The victims’ department is a volunteer department that has 1 station with 26 members that serve a population of approximately 7,725 residents within an area of about 100 square miles and responds to approximately 141 emergency incidents per year. The department does not provide emergency medical services but does provide vehicle extrication at motor vehicle accidents within the department’s response area. The department receives its funding directly from the city.
The fire department provides annual physicals for new members only and provides face piece fit testing annually for its members. Following this incident, the fire department implemented a new policy where a Safety Officer was designated and served at all hands-on training sessions.
Training and Experience
The victim had 1 year and five months of service with the department, and had successfully completed Fire Fighter 1 and Fire Fighter 21 training as well as hazardous materials operations level training and certified first responder training.
The victims’ fire department requires members to attain Fire Fighter 1 and 2 training (approximately 240 hours) within one year of membership. The department provides two drills per month and members must attend 60% of the drills per year. The department also provides annual driver training with a simulator and actual driver training on a cone course. The department contracts with the local technical college to provide fire fighter training for its members. Members are on probation for one year after joining the department.
Note: Fire Fighter 1 and 2 training met the criteria for National Fire Protection Association (NFPA) 10011, Standard for Fire Fighter Professional Qualifications, Fire Fighter I and Fire Fighter II.
Equipment and Personnel
The department had the following equipment in service:
- Engine 1, 1500 GPM Pumper
- Engine 2, 1250 GPM Pumper
- Engine 3, 1250 GPM Pumper
- Ladder 1, 95’ Aerial Platform
- Tender 1, 1800 gallon Tanker
- Tender 2, 1800 gallon Tanker
- 3 Grass Fire Rigs
Photo 1. Training site in front of firehouse.
(Photo courtesy of fire department)
Personal Protective Equipment
The victim was reported to be wearing civilian clothes with no PPE.
At the time of the incident (approximately 2130 hours), the weather was clear with an approximate temperature of 64°F. The relative humidity was 73% and the wind was NNW at 4.6 mph.2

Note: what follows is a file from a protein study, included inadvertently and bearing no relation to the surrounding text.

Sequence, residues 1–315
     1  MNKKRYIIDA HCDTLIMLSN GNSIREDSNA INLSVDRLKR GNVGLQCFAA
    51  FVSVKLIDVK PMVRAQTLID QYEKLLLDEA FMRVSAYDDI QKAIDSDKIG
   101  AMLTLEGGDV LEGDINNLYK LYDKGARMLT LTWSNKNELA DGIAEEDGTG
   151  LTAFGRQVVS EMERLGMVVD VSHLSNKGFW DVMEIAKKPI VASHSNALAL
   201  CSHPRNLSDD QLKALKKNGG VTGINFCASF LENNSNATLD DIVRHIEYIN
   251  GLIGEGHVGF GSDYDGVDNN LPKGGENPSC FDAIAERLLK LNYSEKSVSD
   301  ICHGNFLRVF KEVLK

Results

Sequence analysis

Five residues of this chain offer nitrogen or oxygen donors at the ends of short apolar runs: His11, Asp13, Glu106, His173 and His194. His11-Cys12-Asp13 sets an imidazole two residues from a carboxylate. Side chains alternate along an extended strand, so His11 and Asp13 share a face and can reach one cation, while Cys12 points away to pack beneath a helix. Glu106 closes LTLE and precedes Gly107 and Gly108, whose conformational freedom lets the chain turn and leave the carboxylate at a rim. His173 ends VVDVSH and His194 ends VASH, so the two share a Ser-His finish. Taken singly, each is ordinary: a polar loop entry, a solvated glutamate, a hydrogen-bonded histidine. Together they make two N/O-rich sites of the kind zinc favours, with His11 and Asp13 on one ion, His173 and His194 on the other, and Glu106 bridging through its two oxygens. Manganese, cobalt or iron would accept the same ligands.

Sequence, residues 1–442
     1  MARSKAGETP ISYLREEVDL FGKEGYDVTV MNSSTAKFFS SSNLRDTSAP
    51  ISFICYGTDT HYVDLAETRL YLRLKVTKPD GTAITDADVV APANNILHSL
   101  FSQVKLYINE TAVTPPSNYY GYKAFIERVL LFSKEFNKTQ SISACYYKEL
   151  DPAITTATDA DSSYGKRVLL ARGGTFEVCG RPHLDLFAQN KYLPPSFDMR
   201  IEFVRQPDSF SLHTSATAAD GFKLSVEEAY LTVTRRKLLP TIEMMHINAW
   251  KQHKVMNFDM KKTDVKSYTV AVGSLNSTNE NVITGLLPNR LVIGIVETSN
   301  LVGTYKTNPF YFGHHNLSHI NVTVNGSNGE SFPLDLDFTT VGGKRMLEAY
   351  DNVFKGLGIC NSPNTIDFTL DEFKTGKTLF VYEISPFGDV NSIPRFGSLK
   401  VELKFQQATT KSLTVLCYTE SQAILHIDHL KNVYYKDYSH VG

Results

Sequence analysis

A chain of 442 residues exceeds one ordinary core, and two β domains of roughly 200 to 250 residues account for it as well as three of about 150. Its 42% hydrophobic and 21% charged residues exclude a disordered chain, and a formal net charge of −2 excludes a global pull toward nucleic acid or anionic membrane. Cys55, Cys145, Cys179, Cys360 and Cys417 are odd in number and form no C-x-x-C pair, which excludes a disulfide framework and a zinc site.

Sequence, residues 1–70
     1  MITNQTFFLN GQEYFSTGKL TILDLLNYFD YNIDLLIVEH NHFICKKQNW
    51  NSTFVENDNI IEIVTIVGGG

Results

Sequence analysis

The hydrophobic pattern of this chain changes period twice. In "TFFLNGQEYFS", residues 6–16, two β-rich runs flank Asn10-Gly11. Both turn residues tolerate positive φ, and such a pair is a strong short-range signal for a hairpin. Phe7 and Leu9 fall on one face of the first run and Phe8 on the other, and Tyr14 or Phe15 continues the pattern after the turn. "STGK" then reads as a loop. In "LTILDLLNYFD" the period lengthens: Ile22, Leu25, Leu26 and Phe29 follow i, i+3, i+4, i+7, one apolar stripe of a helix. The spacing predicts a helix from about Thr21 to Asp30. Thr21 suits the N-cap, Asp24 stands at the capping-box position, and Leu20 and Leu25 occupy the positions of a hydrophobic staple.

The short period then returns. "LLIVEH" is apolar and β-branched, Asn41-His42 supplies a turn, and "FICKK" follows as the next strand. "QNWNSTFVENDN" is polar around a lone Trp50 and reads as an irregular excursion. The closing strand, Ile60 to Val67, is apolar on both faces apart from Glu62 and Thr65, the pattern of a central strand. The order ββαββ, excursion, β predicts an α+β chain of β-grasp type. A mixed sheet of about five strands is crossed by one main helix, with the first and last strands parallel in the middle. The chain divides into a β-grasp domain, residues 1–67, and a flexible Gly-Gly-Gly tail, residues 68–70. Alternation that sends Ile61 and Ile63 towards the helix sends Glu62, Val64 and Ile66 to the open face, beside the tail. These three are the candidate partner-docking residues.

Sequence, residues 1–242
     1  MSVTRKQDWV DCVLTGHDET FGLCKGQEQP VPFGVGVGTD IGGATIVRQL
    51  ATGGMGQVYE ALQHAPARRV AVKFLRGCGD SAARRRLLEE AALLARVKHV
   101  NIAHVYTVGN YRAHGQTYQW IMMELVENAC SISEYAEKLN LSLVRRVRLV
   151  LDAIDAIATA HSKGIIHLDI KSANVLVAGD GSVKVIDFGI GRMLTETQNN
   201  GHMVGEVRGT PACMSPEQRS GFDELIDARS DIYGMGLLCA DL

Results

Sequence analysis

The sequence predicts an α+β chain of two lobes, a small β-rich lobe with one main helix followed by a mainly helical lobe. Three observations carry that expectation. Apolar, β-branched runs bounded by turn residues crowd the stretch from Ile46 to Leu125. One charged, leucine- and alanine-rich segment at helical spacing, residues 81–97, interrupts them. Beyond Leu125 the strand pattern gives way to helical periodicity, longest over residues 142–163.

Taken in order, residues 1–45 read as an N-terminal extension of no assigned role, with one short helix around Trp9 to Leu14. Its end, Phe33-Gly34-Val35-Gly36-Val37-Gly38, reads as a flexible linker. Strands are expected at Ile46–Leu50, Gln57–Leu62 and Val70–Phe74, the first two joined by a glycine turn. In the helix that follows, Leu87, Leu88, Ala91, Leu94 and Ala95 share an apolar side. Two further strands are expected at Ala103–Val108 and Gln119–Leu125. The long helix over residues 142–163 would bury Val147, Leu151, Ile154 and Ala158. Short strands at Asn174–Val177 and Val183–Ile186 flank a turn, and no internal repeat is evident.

On May 23, 2011, a 35-year-old male volunteer fire fighter (victim) died after falling from a rope he was climbing after the conclusion of a rope skills class. The victim had climbed up a rope that had been used to demonstrate rope haul systems and was attempting to grab another rope out of his reach. The victim likely lost his grip on the rope and fell to the asphalt pavement striking his head. Emergency medical aid was administered by fellow fire fighters and he was transported to a local hospital where he died from his injuries.
The incident occurred in front of the victim’s fire station on a drill site consisting of a 95 foot aerial platform elevated approximately 20-30 feet in the air and a tanker/tender used as an anchor point for the rope system (see photo 2). The department was conducting a ropes and mechanical advantage haul systems drill that consisted of classroom and practical skills intended to provide the fire fighters rope skills. The training was provided by a contract agreement with the local technical college. The drill was a continuation of a two-day 8-hour rope skills training session that was provided by the technical college (the first four hour ropes and knots and rigging class had been held approximately two weeks prior and most of the students including the victim had attended both sessions). The instructor for the class was an adjunct instructor for the college and also a fire fighter for a neighboring large city. The college had originally sent two instructors but one of the instructors had to cancel at the last minute due to an emergency. The instructor and the chief of the department decided to continue the class since most of the training was classroom with the exception of a demonstration of the ropes and haul system. The first portion of the second four hour training session was held in the classroom at the fire station and the demonstrative training was held outside on the fire station apron. The training consisted of the demonstration of a number of different haul system configurations designed to create a mechanical advantage using ropes and pulleys to lift objects. Fire fighters interviewed during the investigation stated that the training was focused on the haul system that was built at the anchor end of the rope system at the tanker truck (Photo 1). The fire fighters were rotated through different activities, including viewing the rigging points and pulleys and setting up the systems such as the hauling and anchor points and the safety rope. All of the fire fighters and officers interviewed acknowledged that the instructor kept the students attention focused on the training activities. There were 19 students participating in the training.